GEORGETOWN, Guyana, (CMC) – The Guyana government announced, on January 27, that the US-based oil giant, ExxonMobil, has made its 16th oil discovery, offshore Guyana.
Director in the Department of Energy, Dr. Mark Bynoe, said the new discovery was made, northeast of the producing Liza field at the Uaru well, on the Stabroek Block.
He said this new discovery, coupled with all other discoveries, brings the estimated resource for the Stabroek Block to more than eight billion oil-equivalent barrels.
“The Co-operative Republic of Guyana welcomes this new discovery, which follows, closely, on the heels of the start of oil production on December 20, 2019. All Guyanese should welcome this new discovery and should begin to appreciate that the nation is on the cusp of major economic transformation and sustained development.
“The Department of Energy remains committed to working with its partners and ecosystem of agencies, to ensure that the benefits from the sector, both direct and indirect, redound to every Guyanese,” Bynoe said.
A government statement said that the Uaru well encountered approximately 94 feet (29 metres) of high-quality, oil-bearing sandstone reservoir. The well, drilled in 6,342 feet (1,933 metres) of water, is located, approximately 10 miles (16 kilometres), northeast of the Liza field, which started oil production in December 2019.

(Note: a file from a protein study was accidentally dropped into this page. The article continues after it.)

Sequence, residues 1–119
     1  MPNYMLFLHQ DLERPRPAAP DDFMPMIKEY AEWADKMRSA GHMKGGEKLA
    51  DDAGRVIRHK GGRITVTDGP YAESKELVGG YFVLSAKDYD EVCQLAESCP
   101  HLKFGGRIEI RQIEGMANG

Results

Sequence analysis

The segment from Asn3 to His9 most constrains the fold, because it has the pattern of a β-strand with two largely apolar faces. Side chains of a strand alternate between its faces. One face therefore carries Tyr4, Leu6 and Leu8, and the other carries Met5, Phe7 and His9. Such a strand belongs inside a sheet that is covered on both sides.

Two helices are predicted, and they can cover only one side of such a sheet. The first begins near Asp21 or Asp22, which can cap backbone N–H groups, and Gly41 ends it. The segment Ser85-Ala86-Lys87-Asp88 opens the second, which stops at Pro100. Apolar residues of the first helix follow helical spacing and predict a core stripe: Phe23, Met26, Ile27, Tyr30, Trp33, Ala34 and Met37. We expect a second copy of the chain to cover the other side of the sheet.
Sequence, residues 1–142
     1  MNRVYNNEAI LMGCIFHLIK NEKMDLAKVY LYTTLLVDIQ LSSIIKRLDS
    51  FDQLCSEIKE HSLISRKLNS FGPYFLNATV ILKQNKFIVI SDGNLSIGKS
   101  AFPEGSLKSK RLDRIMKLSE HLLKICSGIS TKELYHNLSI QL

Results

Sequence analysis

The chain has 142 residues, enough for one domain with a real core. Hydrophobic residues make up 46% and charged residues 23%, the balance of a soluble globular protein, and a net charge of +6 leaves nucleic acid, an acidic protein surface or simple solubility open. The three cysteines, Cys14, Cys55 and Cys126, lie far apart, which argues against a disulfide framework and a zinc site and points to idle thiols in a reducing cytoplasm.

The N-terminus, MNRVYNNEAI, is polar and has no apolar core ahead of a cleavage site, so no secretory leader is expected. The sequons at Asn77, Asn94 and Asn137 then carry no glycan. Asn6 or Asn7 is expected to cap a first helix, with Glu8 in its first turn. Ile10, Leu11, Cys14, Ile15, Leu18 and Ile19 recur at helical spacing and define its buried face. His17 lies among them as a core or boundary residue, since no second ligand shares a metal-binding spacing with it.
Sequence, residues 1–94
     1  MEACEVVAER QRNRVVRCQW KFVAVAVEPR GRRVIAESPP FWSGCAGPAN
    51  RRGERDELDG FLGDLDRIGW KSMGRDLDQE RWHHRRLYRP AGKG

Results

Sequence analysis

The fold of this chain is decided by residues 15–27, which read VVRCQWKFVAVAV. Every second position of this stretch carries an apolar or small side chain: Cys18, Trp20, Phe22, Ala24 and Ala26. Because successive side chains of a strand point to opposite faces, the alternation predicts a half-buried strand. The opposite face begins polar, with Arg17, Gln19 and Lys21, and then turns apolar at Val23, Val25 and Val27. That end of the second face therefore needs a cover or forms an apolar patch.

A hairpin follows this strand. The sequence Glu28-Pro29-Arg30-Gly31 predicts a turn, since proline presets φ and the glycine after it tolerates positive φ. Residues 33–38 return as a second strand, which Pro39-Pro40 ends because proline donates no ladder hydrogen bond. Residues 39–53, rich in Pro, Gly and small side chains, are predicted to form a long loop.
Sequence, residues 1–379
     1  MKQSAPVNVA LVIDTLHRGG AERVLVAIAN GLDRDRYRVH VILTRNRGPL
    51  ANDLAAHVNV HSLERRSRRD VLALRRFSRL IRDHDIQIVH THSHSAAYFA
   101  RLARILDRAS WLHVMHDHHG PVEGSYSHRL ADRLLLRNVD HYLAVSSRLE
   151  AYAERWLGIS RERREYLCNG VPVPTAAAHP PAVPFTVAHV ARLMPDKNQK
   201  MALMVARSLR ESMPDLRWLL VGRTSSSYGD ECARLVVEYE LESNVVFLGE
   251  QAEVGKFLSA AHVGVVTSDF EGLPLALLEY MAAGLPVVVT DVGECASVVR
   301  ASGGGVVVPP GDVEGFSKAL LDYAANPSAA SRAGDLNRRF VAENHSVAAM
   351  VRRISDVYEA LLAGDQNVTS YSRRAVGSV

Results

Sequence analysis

“The petroleum sector is already stimulating increased employment and expanded services, and we are expecting a ramping up of these benefits during the Decade of Development (2020-2029), which is aimed at ensuring that the country’s petroleum resources are utilised to improve citizens’ quality of life and retaining greater value from the sector for Guyana and Guyanese,” Bynoe added.
The government statement said that additionally, by the second quarter of 2020, production from the Liza Phase 1 development will produce up to 120,000 barrels of oil, daily, utilizing the floating production storage and offloading vessel (FPSO), Liza Destiny.
“Under the Production Sharing Agreement (PSA) governing the Stabroek Block, the Government of the Cooperative Republic of Guyana will be receiving, at a minimum, two percent royalty on all oil produced in the Block, plus 12.5 percent profit oil. As the capital and operating costs are liquidated, Guyana’s share of profit oil will increase,” the statement said.
The Liza Unity FPSO, which will be employed for the second phase of Liza development and will have a production capacity of 220,000 barrels of oil per day, is under construction and expected to start production by mid-2022, the statement added.
Earlier this month, the UK-based company, Tullow Oil, announced that it had discovered a higher quality of crude oil, offshore Guyana, in the Carapa-1 well, within the Kanuku licence.
According to the company, while the well hit only four metres net oil pay, which was below pre-drill expectations, the discovery is in the Cretaceous play and is higher quality crude – rather than the heavy, sulphurous oil found last year in the Orinduik licence block.
A vessel carrying Guyana’s first-ever shipment of crude set sail, last Monday, bound for the U.S. Gulf Coast, making Guyana the latest country to debut as an oil exporter.